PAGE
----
Humans of JCU: Noah Bickart

Photo courtesy of Noah Bickart

Photo courtesy of Noah Bickart

Olivia Shackleton, Campus Editor

“I am a big fan of $5 Fridays [in the caf],” said Noah Bickart, a professor in the Theology and Religious Studies Department, when asked what he enjoys most about being on John Carroll’s campus.

Besides $5 Fridays, Bickart said he enjoys spending time with his colleagues in the department. Theology and Religious Studies has a diverse range of professors who are theologians, rabbis and academic scholars of various  religions. “Oftentimes these different modes of viewing religion lead to important and interesting conversations. It has been quite fun,” he said. 

Bickart attended the University of Chicago for his undergraduate degree. He majored in English, which he said has helped him become skilled in close reading of texts and has allowed him to draw parallels between his own religious beliefs and the texts.

After college, Bickart worked in the New York music industry as a recording engineer,  then at a bookstore, and then moved to Jerusalem to study Jewish religious texts.

After moving back to the U.S., Bickart attended the Harvard Divinity School, where he studied the Hebrew Bible. He said he realized his passion for rabbinic texts and he received his doctorate in the Babylonian Talmud from the Jewish Theological Seminary. He then continued his studies through a post-doctoral program at Yale University.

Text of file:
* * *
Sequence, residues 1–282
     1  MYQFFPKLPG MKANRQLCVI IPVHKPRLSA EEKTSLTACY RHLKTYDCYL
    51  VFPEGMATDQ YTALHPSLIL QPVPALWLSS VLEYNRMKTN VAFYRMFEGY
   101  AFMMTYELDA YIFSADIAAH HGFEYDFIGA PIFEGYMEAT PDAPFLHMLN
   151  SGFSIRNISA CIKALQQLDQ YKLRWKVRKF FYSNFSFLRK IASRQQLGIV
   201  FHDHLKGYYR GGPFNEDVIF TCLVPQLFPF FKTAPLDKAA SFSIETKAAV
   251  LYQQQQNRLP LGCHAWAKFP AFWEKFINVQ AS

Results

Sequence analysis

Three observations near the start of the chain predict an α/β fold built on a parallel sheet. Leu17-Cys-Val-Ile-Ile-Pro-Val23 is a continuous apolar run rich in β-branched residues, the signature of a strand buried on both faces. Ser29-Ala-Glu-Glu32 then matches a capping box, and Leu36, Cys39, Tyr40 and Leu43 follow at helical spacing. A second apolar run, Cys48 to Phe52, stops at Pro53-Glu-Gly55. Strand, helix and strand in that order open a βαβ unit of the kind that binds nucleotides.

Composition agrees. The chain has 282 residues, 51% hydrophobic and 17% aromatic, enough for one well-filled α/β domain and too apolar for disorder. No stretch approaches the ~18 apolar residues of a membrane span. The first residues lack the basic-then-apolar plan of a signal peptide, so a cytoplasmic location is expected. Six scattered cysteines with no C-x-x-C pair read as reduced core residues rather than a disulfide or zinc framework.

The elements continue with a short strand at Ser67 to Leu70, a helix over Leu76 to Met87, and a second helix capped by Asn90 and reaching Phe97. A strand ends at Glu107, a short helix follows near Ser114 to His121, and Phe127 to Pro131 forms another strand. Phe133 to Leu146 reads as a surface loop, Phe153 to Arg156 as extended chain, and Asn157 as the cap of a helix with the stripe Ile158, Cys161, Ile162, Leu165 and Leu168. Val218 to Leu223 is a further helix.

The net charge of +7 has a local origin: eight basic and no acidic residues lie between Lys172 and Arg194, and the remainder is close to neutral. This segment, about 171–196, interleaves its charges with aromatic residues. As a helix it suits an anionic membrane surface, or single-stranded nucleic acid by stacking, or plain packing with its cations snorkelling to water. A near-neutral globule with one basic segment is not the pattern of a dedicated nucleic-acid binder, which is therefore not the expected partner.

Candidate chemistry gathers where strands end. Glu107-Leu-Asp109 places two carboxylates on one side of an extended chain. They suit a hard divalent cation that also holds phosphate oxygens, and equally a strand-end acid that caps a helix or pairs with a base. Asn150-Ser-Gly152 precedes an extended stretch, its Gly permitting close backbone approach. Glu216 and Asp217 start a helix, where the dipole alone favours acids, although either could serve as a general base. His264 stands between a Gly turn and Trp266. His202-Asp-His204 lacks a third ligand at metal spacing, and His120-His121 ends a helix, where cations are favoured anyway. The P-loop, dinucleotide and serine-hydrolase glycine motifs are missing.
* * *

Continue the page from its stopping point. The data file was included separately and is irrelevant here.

Following the completion of the program, he moved his family to Cleveland, where he began teaching at JCU in the fall of 2018.

During his first semester, Bickart taught a course entitled Great Jewish Thinkers, which focused  on studying Judaism from the eyes of specific individuals. He also taught the course Rabbis on Sex and Gender, which he said he deeply enjoyed. In the spring semester, he taught two sections of Introduction to Judaism, which he taught based on topics instead of following a chronological order. This semester, he is co-teaching a course about interreligious dialogue as well as teaching Jewish Messianism.

Bickart speaks fluent Hebrew, which allows him to explain Jewish texts in depth and give students a more robust understanding of the texts. “I do speak Hebrew, it took me a long time, but my Hebrew is very good. I write and publish in Hebrew and we speak Hebrew at home exclusively,” he said. 

Bickart can write in Aramaic, Greek and Syraic, read in German and has a basic understanding of Arabic, French and Spanish.

Bickart said he has loved his time here at Carroll and is looking forward to the years to come.